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Vanessa Marr

Graphic Designer, Artist and Lecturer in Bexhill-on-Sea

Women and Domesticity

PRESENTED ON MAR 08, 2016
IN BEXHILL-ON-SEA @ VOL 2

The ongoing project by Vanessa Marr is the centre point of this presentation. Dust clothes are used as the canvas for females to embroid and sew personal messages challenging gender-based stereotypes and the role of a women in the 21st century.  

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Feminism Through Art

BY ALPESH KANTILAL PATEL
@ VOL 24 ON NOV 20, 2013

Alpesh Kantilal Patel showcases art exhibits that challenge gender and sexuality norms. International feminism and liberation of women are emphasized in this combination of art and activism. 

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Women

BY SAM VESTI
@ VOL 5 ON NOV 21, 2014

Sam Vesti is an aspiring comedian with a lot to say. An infamous text, written by a famous Iranian figurehead, will lead into a perspective on how men can avoid being sexist and misogynistic.

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The Long Black Wig Project

BY BECKY EDDY PHILLIPS
@ VOL 5 ON DEC 01, 2015

“Recall the idiom Everything But the Kitchen Sink…This is NOT that space.”

In The Long Black Wig Project from PechaKucha Night Bryan’s 5th Volume Speaker Becky Eddy Phillips rhythmically details a her multimedia artistic piece. The Long Black Wig Project enters contemporary plots in art, science, domesticity, mothering, and feminism. Using art like a verb, it wavers in leaps and falls between the intellectual and domestic realms. At the same time, the work is introspective, balancing the overlapping (though historically antithetical) realms of mother and artist: how to stay connected to art depends on the artists connectivity to her children. An ambitious multi-media exhibit, it is contained within A Vacuous Space.

A multitude of video vignettes are projected within it’s relative space. With titles such as Miss Sara Tonin’s Fancy and My Feminism Hurts My Marriage, the imagery is strangely eerie with a feminine edge as if there were an invisible link to the past lives of women associated with Surrealism. A long wig is seen throughout the work and acts as a connective fiber.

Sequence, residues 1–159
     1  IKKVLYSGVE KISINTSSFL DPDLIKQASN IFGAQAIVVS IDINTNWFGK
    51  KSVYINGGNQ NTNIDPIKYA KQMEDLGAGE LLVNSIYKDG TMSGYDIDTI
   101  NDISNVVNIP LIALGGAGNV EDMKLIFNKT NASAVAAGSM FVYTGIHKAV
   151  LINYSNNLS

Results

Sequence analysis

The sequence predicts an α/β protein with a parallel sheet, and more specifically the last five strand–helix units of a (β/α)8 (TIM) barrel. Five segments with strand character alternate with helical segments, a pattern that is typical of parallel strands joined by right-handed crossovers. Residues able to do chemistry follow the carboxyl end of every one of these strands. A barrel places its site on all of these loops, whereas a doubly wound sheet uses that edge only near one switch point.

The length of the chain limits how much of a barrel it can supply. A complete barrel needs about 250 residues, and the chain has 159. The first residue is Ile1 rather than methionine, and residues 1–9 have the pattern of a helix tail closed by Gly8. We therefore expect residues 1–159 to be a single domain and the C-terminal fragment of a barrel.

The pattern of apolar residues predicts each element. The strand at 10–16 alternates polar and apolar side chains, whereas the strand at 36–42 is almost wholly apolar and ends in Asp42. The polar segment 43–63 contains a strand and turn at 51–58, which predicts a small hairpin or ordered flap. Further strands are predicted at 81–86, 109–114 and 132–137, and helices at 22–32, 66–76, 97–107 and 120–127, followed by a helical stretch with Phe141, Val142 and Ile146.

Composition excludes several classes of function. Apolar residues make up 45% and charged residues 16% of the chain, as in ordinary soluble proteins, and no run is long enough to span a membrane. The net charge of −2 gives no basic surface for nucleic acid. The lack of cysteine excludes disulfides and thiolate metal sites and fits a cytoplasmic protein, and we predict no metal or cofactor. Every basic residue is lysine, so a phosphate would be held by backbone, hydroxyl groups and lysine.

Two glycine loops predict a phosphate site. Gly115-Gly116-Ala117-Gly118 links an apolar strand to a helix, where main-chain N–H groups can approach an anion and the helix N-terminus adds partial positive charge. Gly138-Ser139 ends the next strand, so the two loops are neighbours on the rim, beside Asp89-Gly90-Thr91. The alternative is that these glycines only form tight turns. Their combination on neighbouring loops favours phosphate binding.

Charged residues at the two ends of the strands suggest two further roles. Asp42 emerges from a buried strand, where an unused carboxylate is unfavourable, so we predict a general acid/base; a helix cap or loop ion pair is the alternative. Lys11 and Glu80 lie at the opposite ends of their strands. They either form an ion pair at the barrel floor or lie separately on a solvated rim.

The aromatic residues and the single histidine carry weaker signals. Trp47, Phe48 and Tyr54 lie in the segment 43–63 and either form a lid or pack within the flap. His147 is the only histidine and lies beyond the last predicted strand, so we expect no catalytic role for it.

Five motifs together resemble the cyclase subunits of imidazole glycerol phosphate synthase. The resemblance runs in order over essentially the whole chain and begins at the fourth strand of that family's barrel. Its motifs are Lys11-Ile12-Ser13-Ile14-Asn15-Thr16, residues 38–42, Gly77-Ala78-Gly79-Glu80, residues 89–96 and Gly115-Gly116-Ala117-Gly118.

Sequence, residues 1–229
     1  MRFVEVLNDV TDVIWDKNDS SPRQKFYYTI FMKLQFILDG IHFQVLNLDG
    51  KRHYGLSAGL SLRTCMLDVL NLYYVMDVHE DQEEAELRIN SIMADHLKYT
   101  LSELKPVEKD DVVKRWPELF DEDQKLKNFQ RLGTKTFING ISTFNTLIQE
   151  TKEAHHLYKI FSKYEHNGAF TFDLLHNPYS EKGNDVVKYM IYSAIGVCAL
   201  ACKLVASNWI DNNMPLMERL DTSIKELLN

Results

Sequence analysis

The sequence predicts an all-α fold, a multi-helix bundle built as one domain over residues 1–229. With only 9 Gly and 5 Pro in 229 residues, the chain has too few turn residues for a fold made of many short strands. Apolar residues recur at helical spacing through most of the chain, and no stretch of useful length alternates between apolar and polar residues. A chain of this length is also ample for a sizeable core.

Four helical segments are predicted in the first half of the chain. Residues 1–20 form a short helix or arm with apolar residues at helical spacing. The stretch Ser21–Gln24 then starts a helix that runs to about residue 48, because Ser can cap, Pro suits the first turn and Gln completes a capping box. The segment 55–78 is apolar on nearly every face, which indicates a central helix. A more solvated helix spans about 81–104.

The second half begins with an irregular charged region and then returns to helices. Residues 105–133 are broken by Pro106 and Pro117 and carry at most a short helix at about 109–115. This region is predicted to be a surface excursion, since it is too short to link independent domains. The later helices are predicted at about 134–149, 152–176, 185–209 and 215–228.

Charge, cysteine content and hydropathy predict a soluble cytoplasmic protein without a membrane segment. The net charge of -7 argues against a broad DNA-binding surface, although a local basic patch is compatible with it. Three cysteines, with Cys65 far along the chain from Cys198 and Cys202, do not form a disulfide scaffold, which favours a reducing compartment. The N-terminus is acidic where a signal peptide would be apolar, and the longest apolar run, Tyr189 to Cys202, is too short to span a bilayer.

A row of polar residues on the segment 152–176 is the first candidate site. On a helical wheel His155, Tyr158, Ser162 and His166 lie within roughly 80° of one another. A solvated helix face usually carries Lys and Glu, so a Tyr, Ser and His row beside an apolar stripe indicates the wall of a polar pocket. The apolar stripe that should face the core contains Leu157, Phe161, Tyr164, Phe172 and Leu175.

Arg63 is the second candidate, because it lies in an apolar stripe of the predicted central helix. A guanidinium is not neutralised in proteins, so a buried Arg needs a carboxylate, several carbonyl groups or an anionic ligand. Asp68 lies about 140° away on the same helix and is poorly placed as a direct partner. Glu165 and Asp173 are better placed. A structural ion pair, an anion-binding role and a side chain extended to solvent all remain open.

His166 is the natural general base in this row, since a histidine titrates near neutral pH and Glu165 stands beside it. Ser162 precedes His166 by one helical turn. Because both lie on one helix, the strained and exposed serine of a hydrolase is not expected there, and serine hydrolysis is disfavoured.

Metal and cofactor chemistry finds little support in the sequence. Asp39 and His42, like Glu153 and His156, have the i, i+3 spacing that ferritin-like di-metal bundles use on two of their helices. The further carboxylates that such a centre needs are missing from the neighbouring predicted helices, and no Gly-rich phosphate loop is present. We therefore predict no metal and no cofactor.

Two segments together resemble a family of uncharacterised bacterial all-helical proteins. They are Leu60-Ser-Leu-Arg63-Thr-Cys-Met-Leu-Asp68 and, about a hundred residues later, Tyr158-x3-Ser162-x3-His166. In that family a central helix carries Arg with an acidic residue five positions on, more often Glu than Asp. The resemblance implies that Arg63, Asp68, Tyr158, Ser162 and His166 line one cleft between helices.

This was "PechaKucha of the Day" on Wednesday, February 3rd, 2016. 

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The Menstrual Revolution

BY JENNY EDBROOKE
@ VOL 2 ON MAR 08, 2016

Jenny Edbrooke explores personal interests and the social taboos of menstruation, and how the natural act should be a sign of female empowerment. 

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Fast Fashion Feminism - What Happens When Girl Power Is Trendy?

BY KIT POWELL
@ VOL 8 ON OCT 26, 2017

Kit Powell critiques the idea of buying a t-shirt, tote bag or pair of earrings, emblazoned with a slogan, in order to be part of a movement, and asks how much does it costs to declare yourself a feminist, and where is your money going?

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Still I Rise

BY EMMA MOLFORD
@ VOL 12 ON MAR 11, 2019

Emma Molford explores how women are portrayed in society.

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Jazba Junoon-e-Khatoon

BY SOFIA WANCHOO MIR
@ VOL 6 ON MAR 30, 2019

Sofia Wanchoo Mir’s presentation comments on the existing female role models in the form of Disney Princesses and female Superheroes and considers: "What would the Pakistani Disney/Superhero female be like?"

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I'm Every Woman

BY NATASHA HUMERA EJAZ
@ VOL 6 ON MAR 30, 2019

Natasha Humera Ejaz is a singer, songwriter, actor, and an aspiring stand-up comic. Her presentation focuses on a very common character in our society, the Quintessential Pakistani Aunty, or QPA. She uses humor to explain how someone can identify and evade such women and what one should do to avoid becoming such a woman as well.

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Feminism and Equity! What are the real issues?

BY JENNIFER AZIH
@ VOL 40 ON MAY 10, 2019

Jennifer Azih addresses general misconceptions about feminism, female genital mutilation, gender-based violence, rape, child marriage, and girl child deprivation of education.

Many people are afraid to be called feminists or even associated with it. This is because the topic has been politicized and many people do not even understand its true meaning.

As a woman, Jennifer would like to educate people on the real issues of feminism that are constantly being neglected.

She thinks that it is important to change people’s perspective and stimulate real support to the feminist movement.